Getting Involved: High School & Undergraduate Research
If you are a high school or undergraduate student interested in a summer research position, now is the time to start looking! Yes, it may seem too early to be thinking about summer, but ideally this is the time to start your search. For most research laboratories, summer studentships are secured quickly in preparation for the granting season (which falls between January-February)—an important means for additional stipend support. More importantly, the earlier you find your research lab, the more time you will have to familiarize yourself to the lab environment, to get to know lab personnel, and of course better understand your research project!
Before starting your search, ensure that you have on file, an updated curriculum vitae (CV) outlining your academic history, experiences, and achievements, and, your most up-to-date transcript. It is important to have these documents prepared so that you may send these to your prospective Principle Investigator (PI). Ensure that there are no spelling errors and grammatical mistakes on your CV!
Begin your Search!
The best way to find a laboratory is to first think about what you would like to learn. There are many areas of research and many labs to choose from! Therefore, whether it be a particular concept or technique, take the time to consider your interests.
Next, search each university department website to locate any open positions within the department. Some departments post available summer research positions in late October. If none are posted, read up on each investigator’s research on their home page. Focus your searches by asking yourself “What is it about this particular lab that interests me? What aspect of the research is most striking?’ These are important questions as they will factor into the cover letter you will be writing to the PI.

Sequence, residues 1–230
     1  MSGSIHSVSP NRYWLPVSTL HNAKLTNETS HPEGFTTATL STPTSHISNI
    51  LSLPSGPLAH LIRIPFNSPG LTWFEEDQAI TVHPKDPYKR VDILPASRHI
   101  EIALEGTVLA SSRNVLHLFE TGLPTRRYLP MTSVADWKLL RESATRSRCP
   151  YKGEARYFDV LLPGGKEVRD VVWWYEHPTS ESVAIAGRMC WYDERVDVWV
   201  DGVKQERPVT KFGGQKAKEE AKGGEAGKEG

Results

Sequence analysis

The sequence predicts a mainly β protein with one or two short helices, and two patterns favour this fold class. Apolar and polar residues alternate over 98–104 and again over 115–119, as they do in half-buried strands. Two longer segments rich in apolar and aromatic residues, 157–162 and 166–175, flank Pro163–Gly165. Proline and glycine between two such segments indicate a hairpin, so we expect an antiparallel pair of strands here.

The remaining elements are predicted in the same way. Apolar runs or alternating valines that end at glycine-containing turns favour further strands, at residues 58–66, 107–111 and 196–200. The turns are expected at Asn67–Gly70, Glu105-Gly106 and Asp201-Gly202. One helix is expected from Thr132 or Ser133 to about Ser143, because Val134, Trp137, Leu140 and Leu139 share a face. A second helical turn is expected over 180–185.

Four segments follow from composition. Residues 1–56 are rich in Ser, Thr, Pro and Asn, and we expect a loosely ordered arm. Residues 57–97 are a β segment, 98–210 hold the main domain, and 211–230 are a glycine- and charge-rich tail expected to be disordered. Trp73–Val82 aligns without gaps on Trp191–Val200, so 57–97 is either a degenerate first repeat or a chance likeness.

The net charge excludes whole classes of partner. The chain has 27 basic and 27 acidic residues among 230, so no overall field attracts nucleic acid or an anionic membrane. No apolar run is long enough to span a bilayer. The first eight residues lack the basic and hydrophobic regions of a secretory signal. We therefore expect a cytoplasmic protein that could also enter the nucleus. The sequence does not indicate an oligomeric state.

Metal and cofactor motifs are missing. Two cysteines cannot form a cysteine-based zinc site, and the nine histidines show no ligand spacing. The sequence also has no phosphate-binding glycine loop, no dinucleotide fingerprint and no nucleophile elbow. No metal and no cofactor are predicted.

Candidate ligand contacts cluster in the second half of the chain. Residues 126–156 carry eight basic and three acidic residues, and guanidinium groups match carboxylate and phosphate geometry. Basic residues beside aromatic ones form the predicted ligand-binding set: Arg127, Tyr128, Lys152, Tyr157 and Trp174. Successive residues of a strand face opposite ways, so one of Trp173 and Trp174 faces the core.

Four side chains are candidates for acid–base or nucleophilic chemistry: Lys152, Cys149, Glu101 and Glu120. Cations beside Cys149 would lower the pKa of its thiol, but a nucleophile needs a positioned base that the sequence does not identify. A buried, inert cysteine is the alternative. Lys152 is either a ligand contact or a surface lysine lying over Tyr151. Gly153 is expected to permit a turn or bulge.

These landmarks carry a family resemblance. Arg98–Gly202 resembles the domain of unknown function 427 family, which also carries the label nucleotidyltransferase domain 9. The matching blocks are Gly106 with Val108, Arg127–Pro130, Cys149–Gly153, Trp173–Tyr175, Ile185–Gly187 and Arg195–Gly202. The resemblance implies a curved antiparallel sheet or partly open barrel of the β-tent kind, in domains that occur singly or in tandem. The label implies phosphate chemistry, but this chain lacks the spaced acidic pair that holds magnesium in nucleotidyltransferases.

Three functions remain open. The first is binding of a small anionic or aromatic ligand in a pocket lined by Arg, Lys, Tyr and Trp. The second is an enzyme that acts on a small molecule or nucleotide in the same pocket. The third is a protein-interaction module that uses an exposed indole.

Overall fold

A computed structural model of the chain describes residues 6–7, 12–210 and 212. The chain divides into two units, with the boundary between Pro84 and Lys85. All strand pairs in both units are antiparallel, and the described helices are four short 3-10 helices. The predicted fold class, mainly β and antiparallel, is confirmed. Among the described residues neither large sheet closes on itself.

Once you narrowed down your search, contact the PI and outline your request and interest to volunteer/work as a research apprentice for the summer. If you have any previous laboratory experience, list the techniques that you are familiar or have experience with, even those techniques you learned during your lab course work. This will be helpful in establishing a baseline for the prospective PI. Moreover, emphasize why the research is interesting to you. Last but not least, request a meeting. This is the best way to officially introduce yourself, meet the PI, and get a feel for the lab. It is essential to be professional in your letter writing and also ideal to keep the letter concise and to the point. Once you have completed the letter, remember to attach your CV and transcript. Send the cover letter.
Now you wait. Good Luck!
For those of you in high school, there are opportunities in place for you to apply to research positions through highly recommended summer research programs. For example, in Alberta, there are WISEST and HYRS [Side note! Check out YASN for the most up-to-date listings for research and scholarship/award deadlines]. These programs are a great way for you to get into the research scene early, and develop your project throughout your high school and possibly your university career. Sticking with your project over the years can lead to many great opportunities! First (with permission and support from your laboratory) you may enter into regional, provincial, national, and international science fairs and competitions! Second, there are opportunities for publication! Last but not least, the time that you invest will be invaluable to your growth as a scientist. Hands on experience and real world application of science concepts brings new context to learning. So! Start now! Start your search!
Need more guidance and advice? You can contact a mentor at YASN to ask how they got involved in research and how they can help you get started.